Airline Yield Management

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In This Issue: Airline Yield Management

The practice of Yield management has been widely adopted by service organizations in the past three decades. Yield management originally started in the airline industry and this capacity management strategy is also most often applied by airlines. The practice of yield management, especially in the airline industry, has been discussed in many different studies. There is, however, limited empirical research on the effects on business-to-business relationships and knowledge on how the feelings of price fairness affect loyalty. This article will discuss the differences in perception and reactions on both business and leisure travelers. The main goal of this article is to give answers to these questions: What is Yield management? What are the impacts of yield management in the airline industry on customer’s feelings of price fairness, its drawbacks, and benefits and how does it affect loyalty? Yield Management

There is a number of varying definitions of yield management used in academic research for different service industries. Wang and Bowie (2007) used the most comprehensive description: “The main target is to maximize revenue through the effective management of three main areas: pricing, strategy, inventory control and control of availability. The term yield management and revenue management are currently used synonymously.” This definition is also most suitable for the airline industry and will be used in this article. In that case, inventory controls depends on the available resources (employees, aircrafts and gasoline) to provide a specific service. The control of availability is the number of empty seats on board. It is understandable that firms take advantage of yield management practices. Kimes (1997) and Cross (1997) in Wang and Bowie (2007) shows that company’s revenue normally increases 3-7 per cent by employing yield management practices, which results in some cases in a 50-100 per cent increase in profit. This clearly indicates the usefulness and profitability of yield management strategies. However, these previous studies paid attention only to revenue growth. This is just an indicator for short term business performance instead of long-term customer value, which is more important factor for future business success.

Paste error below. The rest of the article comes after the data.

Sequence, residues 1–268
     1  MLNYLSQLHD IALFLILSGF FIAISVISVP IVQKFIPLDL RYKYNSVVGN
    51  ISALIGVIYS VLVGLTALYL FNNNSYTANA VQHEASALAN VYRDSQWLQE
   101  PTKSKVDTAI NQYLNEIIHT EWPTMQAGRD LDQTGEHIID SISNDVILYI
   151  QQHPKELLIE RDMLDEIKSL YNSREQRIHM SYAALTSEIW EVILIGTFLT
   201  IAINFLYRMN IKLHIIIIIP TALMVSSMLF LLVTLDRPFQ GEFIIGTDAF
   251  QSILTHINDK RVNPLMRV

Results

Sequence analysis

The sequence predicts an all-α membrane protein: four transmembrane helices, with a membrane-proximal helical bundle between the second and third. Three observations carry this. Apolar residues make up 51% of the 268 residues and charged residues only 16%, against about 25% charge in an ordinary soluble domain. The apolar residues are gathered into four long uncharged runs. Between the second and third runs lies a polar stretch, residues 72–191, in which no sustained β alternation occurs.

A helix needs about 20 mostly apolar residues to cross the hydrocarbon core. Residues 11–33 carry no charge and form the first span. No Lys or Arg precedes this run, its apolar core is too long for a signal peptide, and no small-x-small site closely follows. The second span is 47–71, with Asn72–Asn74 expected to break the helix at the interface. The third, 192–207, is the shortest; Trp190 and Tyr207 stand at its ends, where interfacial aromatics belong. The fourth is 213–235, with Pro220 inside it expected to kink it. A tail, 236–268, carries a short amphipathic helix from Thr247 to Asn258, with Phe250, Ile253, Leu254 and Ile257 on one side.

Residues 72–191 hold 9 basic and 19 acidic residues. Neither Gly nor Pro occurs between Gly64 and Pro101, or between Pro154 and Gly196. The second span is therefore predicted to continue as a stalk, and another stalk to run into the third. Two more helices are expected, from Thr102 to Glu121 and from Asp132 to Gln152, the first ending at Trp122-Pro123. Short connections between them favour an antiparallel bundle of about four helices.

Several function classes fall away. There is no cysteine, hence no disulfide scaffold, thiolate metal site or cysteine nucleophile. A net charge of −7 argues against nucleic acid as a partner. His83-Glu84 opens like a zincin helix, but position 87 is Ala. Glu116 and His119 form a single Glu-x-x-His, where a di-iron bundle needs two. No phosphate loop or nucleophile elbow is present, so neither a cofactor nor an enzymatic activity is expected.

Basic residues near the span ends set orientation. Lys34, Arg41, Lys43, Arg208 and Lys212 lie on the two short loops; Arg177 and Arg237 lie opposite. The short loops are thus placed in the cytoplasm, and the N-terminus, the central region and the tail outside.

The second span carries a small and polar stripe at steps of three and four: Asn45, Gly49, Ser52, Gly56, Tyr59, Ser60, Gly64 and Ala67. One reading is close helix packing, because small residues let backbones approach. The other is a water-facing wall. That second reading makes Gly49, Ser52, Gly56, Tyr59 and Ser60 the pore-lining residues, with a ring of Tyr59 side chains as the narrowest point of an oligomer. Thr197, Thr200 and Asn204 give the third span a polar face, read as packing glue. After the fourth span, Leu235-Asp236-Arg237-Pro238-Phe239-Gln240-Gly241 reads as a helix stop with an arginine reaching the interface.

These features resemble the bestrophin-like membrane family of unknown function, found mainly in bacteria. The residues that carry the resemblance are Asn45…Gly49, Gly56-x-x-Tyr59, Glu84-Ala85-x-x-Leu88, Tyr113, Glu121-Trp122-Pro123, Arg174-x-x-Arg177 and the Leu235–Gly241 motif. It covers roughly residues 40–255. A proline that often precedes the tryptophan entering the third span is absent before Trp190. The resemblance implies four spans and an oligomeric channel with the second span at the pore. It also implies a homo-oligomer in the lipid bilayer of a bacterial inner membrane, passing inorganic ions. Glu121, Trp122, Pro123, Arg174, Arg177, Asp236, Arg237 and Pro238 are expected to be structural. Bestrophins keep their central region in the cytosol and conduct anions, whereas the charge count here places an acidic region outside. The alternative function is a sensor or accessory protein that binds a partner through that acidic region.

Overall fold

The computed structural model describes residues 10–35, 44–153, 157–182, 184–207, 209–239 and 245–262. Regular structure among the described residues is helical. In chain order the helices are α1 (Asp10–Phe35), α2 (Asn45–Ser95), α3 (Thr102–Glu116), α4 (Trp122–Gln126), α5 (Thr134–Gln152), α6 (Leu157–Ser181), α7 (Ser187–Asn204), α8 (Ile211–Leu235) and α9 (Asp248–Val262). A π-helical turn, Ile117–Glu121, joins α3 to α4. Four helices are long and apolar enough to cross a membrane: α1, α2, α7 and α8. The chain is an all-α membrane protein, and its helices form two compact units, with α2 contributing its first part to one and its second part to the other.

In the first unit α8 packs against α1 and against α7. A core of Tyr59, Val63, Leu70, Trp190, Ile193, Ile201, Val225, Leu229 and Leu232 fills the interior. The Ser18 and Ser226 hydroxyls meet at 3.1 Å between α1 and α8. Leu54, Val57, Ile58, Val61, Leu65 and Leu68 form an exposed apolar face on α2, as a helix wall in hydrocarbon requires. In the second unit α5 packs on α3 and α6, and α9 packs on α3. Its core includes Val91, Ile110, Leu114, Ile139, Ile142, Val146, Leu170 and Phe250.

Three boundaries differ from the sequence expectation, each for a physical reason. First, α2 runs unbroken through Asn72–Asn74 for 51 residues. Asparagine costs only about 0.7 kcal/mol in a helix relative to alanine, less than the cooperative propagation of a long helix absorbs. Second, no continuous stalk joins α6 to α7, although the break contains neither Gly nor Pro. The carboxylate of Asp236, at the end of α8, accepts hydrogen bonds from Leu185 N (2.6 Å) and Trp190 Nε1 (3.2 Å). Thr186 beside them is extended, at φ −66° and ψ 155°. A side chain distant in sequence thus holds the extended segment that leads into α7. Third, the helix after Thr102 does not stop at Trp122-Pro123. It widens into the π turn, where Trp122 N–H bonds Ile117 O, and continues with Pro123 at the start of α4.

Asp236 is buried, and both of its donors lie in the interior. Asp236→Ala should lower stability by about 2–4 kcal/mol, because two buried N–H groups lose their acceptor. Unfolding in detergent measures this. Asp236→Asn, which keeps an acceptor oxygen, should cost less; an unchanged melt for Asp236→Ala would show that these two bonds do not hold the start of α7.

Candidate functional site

Yield management is a variable pricing strategy, based on understanding, anticipating and influencing consumer behavior in order to maximize revenue or profit from a fixed, perishable resource (such as airline seats or hotel room reservations or advertising inventory). As a specific, inventory-focused branch of revenue management, yield management involves strategic control of inventory to sell it to the right customer at the right time for the right price. This process can result in price discrimination, where a firm charges customers consuming otherwise identical goods or services a different price for doing so. Yield management is a large revenue generator for several major industries; Robert Crandall, former Chairman and CEO of American Airlines, gave yield management its name and has called it "the single most important technical development in transportation management since we entered deregulation." History

Deregulation is generally regarded as the catalyst for yield management in the airline industry, but this tends to overlook the role of Global Distribution Systems (GDSs). It is arguable that the fixed pricing paradigm occurs as a result of decentralized consumption. With mass production, pricing became a centralized management activity and customer contact staff focused on customer service exclusively. Electronic commerce, of which the GDSs were the first wave, created an environment where large volumes of sales could be managed without large numbers of customer service staff. They also gave management staff direct access to price at time of consumption...
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